“This is not something I decided because of this decision that came down,” Davis testified in federal court last month. “It was thought-out and, you know, I sought God on it.”
The U.S. Supreme Court’s decision in June legalized same-sex marriage nationwide. But it also “ensures that religious organizations and persons are given proper protection as they seek to teach the principles that are so fulfilling and so central to their lives and faiths.”
Bunning, and now the court of appeals, are left with the narrow issue of whether that ruling infringes on a local elected official’s religious beliefs.
Bunning says no, arguing that Davis is “free to believe that marriage is a union between one man and one woman, as many Americans do.”
“However, her religious convictions cannot excuse her from performing the duties that she took an oath to perform as Rowan County Clerk,” he wrote last week.
Davis’ lawyers compare her to other religious objectors, such as a nurse being forced to perform an abortion, a noncombatant ordered to fire on an enemy soldier, or a state official forced to participate in a convicted prisoner’s execution.
Clerking has been a family business in Rowan County. Davis worked for her mother for 27 years before replacing her in the elected post this year, and her son Nathan now works for her. He personally turned away a gay couple last week.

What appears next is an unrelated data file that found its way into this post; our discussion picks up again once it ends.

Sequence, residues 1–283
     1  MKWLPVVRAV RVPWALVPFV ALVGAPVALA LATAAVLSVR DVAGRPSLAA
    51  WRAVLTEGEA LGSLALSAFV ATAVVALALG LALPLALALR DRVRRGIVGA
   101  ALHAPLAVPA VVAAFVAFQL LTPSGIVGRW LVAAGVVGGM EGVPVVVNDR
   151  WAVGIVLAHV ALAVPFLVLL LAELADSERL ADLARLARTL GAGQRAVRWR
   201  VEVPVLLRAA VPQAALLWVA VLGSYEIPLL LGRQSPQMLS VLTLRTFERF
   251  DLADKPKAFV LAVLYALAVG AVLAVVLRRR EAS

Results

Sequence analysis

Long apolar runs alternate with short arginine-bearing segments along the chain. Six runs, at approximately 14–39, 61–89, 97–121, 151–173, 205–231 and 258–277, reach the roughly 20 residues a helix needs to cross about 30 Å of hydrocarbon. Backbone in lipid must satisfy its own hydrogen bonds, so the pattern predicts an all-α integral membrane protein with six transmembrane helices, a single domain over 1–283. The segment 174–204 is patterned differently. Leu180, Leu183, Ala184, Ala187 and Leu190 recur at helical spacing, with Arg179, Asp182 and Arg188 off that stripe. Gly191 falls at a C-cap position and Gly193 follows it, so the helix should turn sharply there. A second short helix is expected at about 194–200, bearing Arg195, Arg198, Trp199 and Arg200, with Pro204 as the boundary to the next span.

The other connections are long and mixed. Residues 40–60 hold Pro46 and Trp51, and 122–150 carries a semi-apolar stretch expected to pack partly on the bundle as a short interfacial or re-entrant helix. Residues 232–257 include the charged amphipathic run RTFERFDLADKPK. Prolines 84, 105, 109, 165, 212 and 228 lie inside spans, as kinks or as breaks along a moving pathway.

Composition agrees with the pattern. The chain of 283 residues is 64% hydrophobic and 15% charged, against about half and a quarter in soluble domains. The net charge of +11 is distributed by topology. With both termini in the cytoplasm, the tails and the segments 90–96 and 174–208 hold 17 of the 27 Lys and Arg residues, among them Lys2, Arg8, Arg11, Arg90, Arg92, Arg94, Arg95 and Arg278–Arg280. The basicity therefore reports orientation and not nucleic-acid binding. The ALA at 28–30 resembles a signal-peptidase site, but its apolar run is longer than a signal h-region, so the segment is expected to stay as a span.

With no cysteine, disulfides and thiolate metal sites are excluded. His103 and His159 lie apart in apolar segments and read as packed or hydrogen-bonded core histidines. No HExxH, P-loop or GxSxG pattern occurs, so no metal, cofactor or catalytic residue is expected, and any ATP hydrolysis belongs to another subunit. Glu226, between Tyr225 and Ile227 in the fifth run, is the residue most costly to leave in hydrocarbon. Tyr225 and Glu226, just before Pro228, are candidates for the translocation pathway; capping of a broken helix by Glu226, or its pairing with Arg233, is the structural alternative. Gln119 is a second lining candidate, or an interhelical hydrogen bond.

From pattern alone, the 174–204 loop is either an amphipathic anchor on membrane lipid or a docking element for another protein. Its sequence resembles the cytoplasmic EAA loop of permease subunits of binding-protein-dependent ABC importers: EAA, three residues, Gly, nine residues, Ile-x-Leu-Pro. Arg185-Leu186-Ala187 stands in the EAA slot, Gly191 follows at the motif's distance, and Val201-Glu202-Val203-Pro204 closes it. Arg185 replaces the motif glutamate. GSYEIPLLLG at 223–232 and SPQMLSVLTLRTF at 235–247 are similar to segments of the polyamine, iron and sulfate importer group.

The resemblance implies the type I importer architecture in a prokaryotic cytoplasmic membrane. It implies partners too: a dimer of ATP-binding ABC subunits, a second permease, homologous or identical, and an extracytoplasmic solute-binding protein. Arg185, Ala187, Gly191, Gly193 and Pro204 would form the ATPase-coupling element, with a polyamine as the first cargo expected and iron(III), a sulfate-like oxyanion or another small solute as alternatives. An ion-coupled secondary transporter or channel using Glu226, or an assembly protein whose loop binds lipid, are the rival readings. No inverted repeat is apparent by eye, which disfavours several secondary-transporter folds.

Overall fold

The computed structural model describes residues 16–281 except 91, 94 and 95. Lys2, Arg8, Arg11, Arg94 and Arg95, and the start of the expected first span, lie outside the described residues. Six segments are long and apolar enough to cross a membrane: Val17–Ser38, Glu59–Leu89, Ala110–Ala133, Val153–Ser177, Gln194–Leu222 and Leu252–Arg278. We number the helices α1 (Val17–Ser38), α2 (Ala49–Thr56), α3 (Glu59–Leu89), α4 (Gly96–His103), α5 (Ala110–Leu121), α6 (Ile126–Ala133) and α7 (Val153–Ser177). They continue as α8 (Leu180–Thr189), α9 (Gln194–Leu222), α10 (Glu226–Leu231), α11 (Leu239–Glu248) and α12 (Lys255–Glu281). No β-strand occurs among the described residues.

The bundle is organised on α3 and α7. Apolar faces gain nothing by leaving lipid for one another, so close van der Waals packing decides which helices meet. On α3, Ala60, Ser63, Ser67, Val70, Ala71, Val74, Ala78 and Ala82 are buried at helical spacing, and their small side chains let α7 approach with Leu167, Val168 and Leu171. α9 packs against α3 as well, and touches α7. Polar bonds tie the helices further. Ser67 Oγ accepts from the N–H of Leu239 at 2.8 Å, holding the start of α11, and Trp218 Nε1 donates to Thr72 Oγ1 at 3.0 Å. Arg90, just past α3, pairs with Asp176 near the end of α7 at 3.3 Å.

Around the U.S., most opponents of gay and lesbian marriage rights are complying with the high court. Some other objectors in Kentucky submitted to the legal authorities after Democratic Gov. Steve Beshear told them to begin issuing licenses to same-sex couples, or resign.
Kim Davis is one of the last holdouts, and apparently the first to be challenged in federal court, putting her and tiny Rowan County in the middle of one of the country’s largest social upheavals.
Davis wants Kentucky lawmakers to allow county clerks to opt out of issuing marriage licenses for religious reasons. But the governor has declined to call a special session. Davis faces fines and possible jail time for contempt of court if she loses her challenge and still refuses to issue licenses. But she can only be impeached from her $80,000 a year job by the legislature, and impeachment proceedings are unlikely even after the lawmakers reconvene in January.